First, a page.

Which drug is suitable for uric acid?

gout

What to do with gout

It is important to lower the elevated uric acid level in the blood in order to avoid further acute gout attacks and permanent consequential damage to organs and joints.

You can make a big difference with gout with a healthy diet. The order of the day is: Eat low-purine! Purines are found primarily in meat, offal and sausage, in fish and crustaceans, but also in legumes, spinach and asparagus. There are special tables for gout patients that you can obtain from your doctor or from a nutritional adviser.

Reduce excess weight so that your BMI is below 25, and that alone will lower your uric acid level in your blood. Alcohol - especially beer and hard liquor - should be avoided. All of these measures make your metabolism more concerned with the breakdown of uric acid. To do this, it is important that you give your body enough fluids: around two liters of water or unsweetened tea a day. This enables your body to excrete uric acid better.

Fasting is counterproductive

As healthy as a fast is, fasting should be approached with caution when it comes to gout. Because the breakdown of body cells causes the uric acid level to rise sharply. The body also produces more so-called ketones, which prevent uric acid from being excreted. So it's better to reduce your weight slowly and permanently.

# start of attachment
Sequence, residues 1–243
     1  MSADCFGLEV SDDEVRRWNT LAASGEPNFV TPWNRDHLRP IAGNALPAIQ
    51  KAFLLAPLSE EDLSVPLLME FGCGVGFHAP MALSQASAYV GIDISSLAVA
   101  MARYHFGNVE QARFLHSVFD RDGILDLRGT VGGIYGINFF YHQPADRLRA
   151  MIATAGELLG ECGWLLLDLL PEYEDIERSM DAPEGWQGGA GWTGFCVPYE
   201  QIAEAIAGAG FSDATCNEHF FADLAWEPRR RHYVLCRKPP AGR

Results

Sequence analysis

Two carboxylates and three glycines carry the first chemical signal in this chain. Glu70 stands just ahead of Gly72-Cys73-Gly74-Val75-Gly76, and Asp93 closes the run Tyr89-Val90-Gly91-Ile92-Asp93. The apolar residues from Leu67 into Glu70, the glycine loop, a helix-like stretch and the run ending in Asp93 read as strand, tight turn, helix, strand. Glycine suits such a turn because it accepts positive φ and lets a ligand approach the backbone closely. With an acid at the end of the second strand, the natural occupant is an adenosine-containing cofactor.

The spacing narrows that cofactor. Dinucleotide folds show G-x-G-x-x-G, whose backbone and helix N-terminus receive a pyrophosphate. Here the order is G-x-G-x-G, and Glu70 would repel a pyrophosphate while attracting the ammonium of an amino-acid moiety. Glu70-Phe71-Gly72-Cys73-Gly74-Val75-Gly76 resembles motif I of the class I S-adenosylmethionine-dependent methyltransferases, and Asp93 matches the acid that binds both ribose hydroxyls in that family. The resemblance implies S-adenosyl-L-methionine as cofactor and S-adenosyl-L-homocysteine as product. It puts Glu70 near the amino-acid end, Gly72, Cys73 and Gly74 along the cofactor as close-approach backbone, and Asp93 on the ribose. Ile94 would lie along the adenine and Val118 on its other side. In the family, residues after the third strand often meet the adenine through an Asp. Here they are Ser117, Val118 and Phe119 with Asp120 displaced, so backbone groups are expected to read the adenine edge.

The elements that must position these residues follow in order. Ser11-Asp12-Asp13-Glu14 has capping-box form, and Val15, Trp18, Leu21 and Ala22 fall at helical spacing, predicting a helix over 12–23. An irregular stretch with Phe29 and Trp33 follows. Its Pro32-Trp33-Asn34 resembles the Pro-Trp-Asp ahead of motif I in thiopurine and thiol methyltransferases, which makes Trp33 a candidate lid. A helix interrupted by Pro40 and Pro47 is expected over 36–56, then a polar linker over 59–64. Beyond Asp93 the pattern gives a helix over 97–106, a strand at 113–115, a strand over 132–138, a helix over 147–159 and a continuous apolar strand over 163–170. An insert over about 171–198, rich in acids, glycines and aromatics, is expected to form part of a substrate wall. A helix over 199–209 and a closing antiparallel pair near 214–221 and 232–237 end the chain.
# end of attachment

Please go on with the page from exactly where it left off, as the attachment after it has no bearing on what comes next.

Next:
A change in diet often leads to a uric acid level in the blood that does not require any further action. Nevertheless, you should see a doctor if you have an acute gout attack. He will examine your blood and decide whether it makes sense to accompany the treatment with medication.

There are different possibilities for this. Do you suffer from one acute gout attack, you will be prescribed pain relievers and anti-inflammatory drugs called anti-inflammatory drugs such as ibuprofen or diclofenac; if the pain is more severe, add colchicine or medication containing cortisone such as prednisolone These can either be applied locally as a spray or ointment or you can take them in tablet form.

To permanent therapy you will either be given drugs that inhibit the formation of uric acid (uricostatic drugs such as allopurinol) or drugs that promote the excretion of uric acid via the kidneys (uricosuric drugs such as benzbromarone or probenecid).

Avoid acetylsalicylic acid

Do not take any medication containing the active ingredient acetylsalicylic acid as pain relievers for gout! It inhibits the excretion of uric acid via the kidneys and, in the worst case, can even trigger a gout attack.

Let your doctor advise you - with gout that has been treated well, you can live as good as symptom-free. It is important that you have your uric acid level in your blood checked regularly and that you eat a balanced diet, i.e. avoid lavish orgies of alcohol and feasting - your body will thank you!